Unambiguous representation of modified DNA, RNA, and proteins
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README.md

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BpForms: unambiguous representation of modified DNA, RNA, and proteins

BpForms is a set of tools for unambiguously representing the structures of modified forms of biopolymers such as DNA, RNA, and protein.

  • The BpForms notation can unambiguously represent the structure of modified forms of biopolymers. For example, the following represents a modified DNA molecule that contains a deoxyinosine monomer at the fourth position.
    ACG[id: "dI" 
         | structure: InChI=1S
            /C10H12N4O4
            /c15-2-6-5(16)1-7(18-6)14-4-13-8-9(14)11-3-12-10(8)17
            /h3-7,15-16H,1-2H2,(H,11,12,17)
            /t5-,6+,7+
            /m0
            /s1
            ]T
    
  • This concrete representation of modified biopolymers enables the BpForms software tools to calculate the chemical formulae, molecular weights, and charges of biopolymers, as well as to automatically calculate the major protonation and tautomerization state of biopolymers at specific pHs.

BpForms encompasses five tools:

BpForms was motivated by the need to concretely represent the biochemistry of DNA modification, DNA repair, post-transcriptional processing, and post-translational processing in whole-cell computational models. In addition, BpForms are a valuable tool for experimental proteomics. In particular, we developed BpForms because there were no notations, schemas, data models, or file formats for concretely representing modified forms of biopolymers, despite the existence of several databases and ontologies of DNA, RNA, and protein modifications and the ProForma Proteoform Notation.

The BpForms syntax was inspired by the ProForma Proteoform Notation. BpForms improves upon this syntax in several ways:

  • BpForms separates the representation of modified biopolymers from the chemical processes which generate them.
  • BpForms clarifies the representation of multiply modified monomers. This is necessary to represent the combinatorial complexity of modified DNA, RNA, and proteins.
  • BpForms can be customized to represent any modification and, therefore, is not limited to previously enumerated modifications. This is also necessary to represent the combinatorial complexity of modified DNA, RNA, and proteins.
  • BpForms supports two additional types of uncertainty in the structures of biopolymers: uncertainty in the position of a modified nucleotide/amino acid within the polymer sequence, and uncertainty in the chemical identity of modified nucleotide/amino acid as deviation from its expected mass or charge.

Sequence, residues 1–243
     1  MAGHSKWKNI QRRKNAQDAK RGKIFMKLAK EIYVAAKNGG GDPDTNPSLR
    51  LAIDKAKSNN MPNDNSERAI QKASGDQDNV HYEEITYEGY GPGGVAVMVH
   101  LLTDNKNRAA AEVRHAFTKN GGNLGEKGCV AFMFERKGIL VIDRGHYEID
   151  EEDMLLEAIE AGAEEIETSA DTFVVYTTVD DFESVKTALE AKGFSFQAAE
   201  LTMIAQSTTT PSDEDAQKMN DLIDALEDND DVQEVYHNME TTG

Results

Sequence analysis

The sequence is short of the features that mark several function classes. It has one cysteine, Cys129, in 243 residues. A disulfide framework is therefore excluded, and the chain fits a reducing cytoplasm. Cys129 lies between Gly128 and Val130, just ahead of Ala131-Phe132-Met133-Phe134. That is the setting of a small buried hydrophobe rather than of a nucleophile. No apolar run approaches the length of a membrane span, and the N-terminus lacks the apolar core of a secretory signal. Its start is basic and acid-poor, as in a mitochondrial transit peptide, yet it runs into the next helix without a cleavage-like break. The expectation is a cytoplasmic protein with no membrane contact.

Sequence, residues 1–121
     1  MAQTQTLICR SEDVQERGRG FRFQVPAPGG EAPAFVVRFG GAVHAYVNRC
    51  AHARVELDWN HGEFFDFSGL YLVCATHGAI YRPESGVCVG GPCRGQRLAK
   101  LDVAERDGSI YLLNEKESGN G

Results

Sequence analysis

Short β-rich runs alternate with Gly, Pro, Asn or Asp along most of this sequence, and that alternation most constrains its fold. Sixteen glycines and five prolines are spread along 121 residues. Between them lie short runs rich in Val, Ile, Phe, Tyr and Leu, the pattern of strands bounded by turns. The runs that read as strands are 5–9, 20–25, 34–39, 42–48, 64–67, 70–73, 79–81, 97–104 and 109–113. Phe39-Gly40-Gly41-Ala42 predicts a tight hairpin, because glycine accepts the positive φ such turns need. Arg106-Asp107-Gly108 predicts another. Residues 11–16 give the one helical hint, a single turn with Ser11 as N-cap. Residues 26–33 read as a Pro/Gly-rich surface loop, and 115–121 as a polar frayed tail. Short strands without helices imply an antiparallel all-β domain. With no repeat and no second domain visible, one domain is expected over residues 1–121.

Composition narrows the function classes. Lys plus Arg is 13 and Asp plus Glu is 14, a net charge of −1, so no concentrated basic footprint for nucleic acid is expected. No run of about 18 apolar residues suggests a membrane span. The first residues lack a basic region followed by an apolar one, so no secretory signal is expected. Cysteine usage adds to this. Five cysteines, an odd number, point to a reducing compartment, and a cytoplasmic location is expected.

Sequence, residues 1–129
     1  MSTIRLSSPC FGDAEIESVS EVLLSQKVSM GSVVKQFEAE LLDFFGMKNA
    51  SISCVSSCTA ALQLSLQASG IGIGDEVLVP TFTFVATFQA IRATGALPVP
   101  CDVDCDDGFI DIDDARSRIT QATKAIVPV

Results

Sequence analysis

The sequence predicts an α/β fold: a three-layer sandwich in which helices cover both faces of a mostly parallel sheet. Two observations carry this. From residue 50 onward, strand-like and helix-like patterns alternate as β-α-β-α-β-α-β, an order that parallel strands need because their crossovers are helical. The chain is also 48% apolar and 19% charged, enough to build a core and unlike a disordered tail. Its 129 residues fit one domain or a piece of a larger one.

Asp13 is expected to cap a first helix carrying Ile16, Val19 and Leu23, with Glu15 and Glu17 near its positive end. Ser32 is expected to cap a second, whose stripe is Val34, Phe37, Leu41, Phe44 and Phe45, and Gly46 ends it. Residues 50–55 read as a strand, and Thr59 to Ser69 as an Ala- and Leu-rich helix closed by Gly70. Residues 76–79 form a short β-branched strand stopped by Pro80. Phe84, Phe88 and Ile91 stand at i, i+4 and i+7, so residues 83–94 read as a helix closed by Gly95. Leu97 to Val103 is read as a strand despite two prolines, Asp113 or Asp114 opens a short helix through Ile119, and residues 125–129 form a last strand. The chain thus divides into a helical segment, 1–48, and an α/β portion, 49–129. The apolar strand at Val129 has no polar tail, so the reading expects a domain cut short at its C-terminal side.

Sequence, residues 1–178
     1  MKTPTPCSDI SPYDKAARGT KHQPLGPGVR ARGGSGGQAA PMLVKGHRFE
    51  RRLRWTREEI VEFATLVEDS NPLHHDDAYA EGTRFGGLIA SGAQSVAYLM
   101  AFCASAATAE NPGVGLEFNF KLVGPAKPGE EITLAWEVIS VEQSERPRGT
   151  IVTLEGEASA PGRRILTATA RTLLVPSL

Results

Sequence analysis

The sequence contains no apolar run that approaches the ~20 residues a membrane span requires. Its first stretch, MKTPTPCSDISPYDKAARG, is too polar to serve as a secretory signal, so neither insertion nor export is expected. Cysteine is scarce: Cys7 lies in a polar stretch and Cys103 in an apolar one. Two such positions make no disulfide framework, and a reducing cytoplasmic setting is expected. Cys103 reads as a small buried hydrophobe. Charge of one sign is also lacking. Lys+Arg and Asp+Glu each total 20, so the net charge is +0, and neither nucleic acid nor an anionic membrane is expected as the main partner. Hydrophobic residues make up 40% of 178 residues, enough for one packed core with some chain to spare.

• BpForms has a concrete grammar. This enables error checking, as well the calculation of chemical formulae, masses, and charges, which is essential for modeling.

Installation

  1. Install the third-party dependencies listed below. Detailed installation instructions are available in An Introduction to Whole-Cell Modeling.

  2. To use Marvin to calculate major protonation and tautomerization states, set JAVA_HOME to the path to your Java virtual machine (JVM)

    export JAVA_HOME=/usr/lib/jvm/default-java
    
  3. To use Marvin to calculate major protonation and tautomerization states, add Marvin to the Java class path

    export CLASSPATH=$CLASSPATH:/opt/chemaxon/marvinsuite/lib/MarvinBeans.jar
    
  4. Install this package

    • Install the latest release from PyPI. For most environments, the --process-dependency-links option is needed to install some of the dependencies from GitHub.

      pip install --process-dependency-links bpforms[all]
      
    • Install the latest revision from GitHub. For most environments, the --process-dependency-links option is needed to install some of the dependencies from GitHub.

      pip install --process-dependency-links git+git://github.com/KarrLab/bpforms#egg=bpforms[all]
      

Examples, tutorial, and documentation

Please see the documentation. An interactive tutorial is also available in the whole-cell modeling sandbox.

License

The package is released under the MIT license.

Development team

This package was developed by the Karr Lab at the Icahn School of Medicine at Mount Sinai in New York, USA.

Questions and comments

Please contact the Karr Lab with any questions or comments.